The increasingly popular Linux operating system seems to be on a
crash-course with the emerging market for wireless devices, a
convergence that Linux advocates think could dramatically improve
the process of developing software to run on handheld computers,
wireless devices - and, as IBM demonstrated last week with the
Linux-powered wristwatch - a whole range of devices that are
still the stuff of imagination.
Adoption of Linux in portable and stand-alone devices has been
decisive and rapid, with Compaq and
a host of other traditionally Windows-focused companies now
releasing Linux-based products with relatively small footprints.
The operating system's appeal comes from its highly efficient,
modular kernel, as well as the fact that its freely-available
source code can be extensively modified to support a range of
computing applications - particularly in wireless devices, where
application flexibility and platform extensibility are becoming
increasingly important in developing cutting-edge new services.
Underscoring the strength of the Linux movement into this space,
last week telecommunications giant Ericsson joined forces with Red Hat - which has long positioned
itself as the most visible figurehead of the commercial Linux
movement - to develop a range of home-focused consumer products.
Red Hat will provide the services of its worldwide professional
development team, helping Ericsson refine Linux as a development
platform for a new generation of mobile phones, handheld devices
and single-purpose appliances such as Internet terminals.
The project could have striking repercussions on the mobile
phone industry, where proprietary operating environments have long
had the walk of the roost. Working with Red Hat, however, will help
Ericsson develop a standardised set of application programming
interfaces that should simplify the process of developing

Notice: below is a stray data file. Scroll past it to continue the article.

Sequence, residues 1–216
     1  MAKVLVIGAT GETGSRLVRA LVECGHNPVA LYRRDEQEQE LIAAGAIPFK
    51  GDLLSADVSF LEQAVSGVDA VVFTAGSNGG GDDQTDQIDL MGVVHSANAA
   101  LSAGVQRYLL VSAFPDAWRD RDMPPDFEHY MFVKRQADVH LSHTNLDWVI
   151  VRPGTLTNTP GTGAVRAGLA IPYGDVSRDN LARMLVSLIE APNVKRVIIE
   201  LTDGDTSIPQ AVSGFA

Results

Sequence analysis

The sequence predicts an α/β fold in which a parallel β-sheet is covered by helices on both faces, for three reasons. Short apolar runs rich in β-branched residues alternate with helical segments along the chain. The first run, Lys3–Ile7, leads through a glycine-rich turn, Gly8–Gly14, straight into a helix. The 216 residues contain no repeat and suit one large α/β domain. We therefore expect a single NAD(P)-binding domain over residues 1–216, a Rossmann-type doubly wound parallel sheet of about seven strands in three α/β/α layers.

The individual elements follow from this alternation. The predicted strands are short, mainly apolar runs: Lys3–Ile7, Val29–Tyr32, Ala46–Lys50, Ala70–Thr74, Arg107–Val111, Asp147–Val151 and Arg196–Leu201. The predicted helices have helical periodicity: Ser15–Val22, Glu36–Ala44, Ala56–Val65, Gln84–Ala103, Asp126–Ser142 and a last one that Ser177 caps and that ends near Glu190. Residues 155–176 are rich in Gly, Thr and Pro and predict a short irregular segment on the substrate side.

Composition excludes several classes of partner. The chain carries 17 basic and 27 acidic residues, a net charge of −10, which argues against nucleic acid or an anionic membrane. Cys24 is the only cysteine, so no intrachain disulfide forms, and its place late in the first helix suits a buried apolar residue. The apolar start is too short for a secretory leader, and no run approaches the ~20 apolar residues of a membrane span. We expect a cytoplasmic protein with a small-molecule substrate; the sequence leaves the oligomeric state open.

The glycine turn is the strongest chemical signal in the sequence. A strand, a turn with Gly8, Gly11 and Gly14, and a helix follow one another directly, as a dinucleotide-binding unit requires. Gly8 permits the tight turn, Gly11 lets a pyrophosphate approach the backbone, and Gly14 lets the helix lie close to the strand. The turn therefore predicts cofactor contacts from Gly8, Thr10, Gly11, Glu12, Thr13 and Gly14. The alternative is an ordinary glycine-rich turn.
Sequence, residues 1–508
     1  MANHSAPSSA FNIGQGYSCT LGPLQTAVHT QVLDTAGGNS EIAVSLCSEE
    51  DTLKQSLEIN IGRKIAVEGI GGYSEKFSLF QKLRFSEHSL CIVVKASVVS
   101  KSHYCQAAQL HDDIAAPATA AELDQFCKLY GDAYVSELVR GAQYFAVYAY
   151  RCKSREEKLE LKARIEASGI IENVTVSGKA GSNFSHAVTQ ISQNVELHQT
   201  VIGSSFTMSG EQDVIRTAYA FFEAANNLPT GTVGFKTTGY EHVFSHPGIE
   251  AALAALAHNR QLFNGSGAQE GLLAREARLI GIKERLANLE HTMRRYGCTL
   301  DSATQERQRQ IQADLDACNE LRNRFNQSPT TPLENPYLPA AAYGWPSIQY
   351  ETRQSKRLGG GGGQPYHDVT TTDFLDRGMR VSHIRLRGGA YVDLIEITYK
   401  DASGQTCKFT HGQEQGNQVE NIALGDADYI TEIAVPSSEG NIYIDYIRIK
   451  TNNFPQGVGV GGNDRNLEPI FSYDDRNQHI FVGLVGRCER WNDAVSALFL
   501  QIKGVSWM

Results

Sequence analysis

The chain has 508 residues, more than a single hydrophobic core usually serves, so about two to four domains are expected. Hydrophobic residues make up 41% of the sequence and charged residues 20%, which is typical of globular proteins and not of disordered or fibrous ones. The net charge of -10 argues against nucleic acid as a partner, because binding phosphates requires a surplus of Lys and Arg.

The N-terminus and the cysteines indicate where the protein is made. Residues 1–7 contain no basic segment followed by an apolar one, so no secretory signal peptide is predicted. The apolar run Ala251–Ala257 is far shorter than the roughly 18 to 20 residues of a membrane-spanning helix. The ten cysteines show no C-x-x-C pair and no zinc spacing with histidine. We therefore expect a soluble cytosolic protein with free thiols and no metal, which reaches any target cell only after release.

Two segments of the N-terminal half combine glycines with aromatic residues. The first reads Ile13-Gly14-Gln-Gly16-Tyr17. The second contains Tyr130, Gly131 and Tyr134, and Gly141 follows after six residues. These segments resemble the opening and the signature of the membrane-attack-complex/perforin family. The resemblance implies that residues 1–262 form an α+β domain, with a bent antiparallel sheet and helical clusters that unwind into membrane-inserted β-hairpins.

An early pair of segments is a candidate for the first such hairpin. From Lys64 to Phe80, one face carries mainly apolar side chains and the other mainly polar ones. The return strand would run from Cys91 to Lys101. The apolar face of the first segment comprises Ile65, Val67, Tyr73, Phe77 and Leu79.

third-party applications for its phones. The inevitable similar
efforts by other vendors could facilitate interoperability between
devices, leading to a wealth of innovation as independent software
developers target the massive mobile phone market as a major new
target platform for applications.
By providing a portable code base that runs much the same code
on a mobile phone, portable computer, desktop PC, server and
mainframe, the project with Ericsson could help enable
cross-platform development in a way that the Java programming
language has failed to do, says Mark White, vice president and
general manager of Red Hat Asia-Pacific.
"By using open-source technologies, we're almost given a common
API across all these devices," White explains. "The fact that
Ericsson can work with us, to put these tool sets on top of cell
phones, starts to create some interesting opportunities for
application deployment. Java does solve some of these problems, but
how many applications are really available for it? This will be a
way to help [partners] get their applications to market quicker,
better, faster and stronger, and the benefit of working with Red
Hat is that we do all this stuff."
"We're typically working with internal development teams inside
[partner] companies, doing the stuff they can't do in the same
amount of time. We've developed a methodology for implementing
these types of embedded systems in a very regimented way, and can
typically [deliver] a six-month project down to within one or two
man-days" of its scheduled completion.
Partnering with Red Hat was a lifesaver last year for Sony,
which worked with the company to develop a Linux-based game
authoring system for developers wanting to create software for the
new PlayStation 2 platform. In that case, fast turnaround of the
Linux-based solution helped game authors get familiar with the
PlayStation 2 far earlier than would have happened if Sony had to
develop, distribute and support its own proprietary tools.
Although it's still early days to see the results of Linux's
push into the handheld and wireless space, IBM last week gave some
insight into what we can expect. A prototype Linux-based
wristwatch, developed using some highly refined manufacturing
processes that squeezed a 200KB Linux kernel and processor - along
with 8MB of RAM and 8MB of ROM - onto a tiny silicon wafer, serves
as a wearable PDA that runs for three to four days per charge and
can be synchronised with desktop PCs.
While never expected to make it out of the prototype stage,
IBM's successful shrinkage of Linux - and the hardware necessary to
run it - has tremendous implications for the type of mobile devices
that could start appearing on the market soon. Augmented with local
connectivity technologies such as Bluetooth, Linux could quickly
come into its own as a major platform for developing complex
multimedia and productivity applications that run over coming
third-generation wireless networks - which should start emerging
soon after efforts such as the Red Hat-Ericsson p artnership begin
to really bear fruit.
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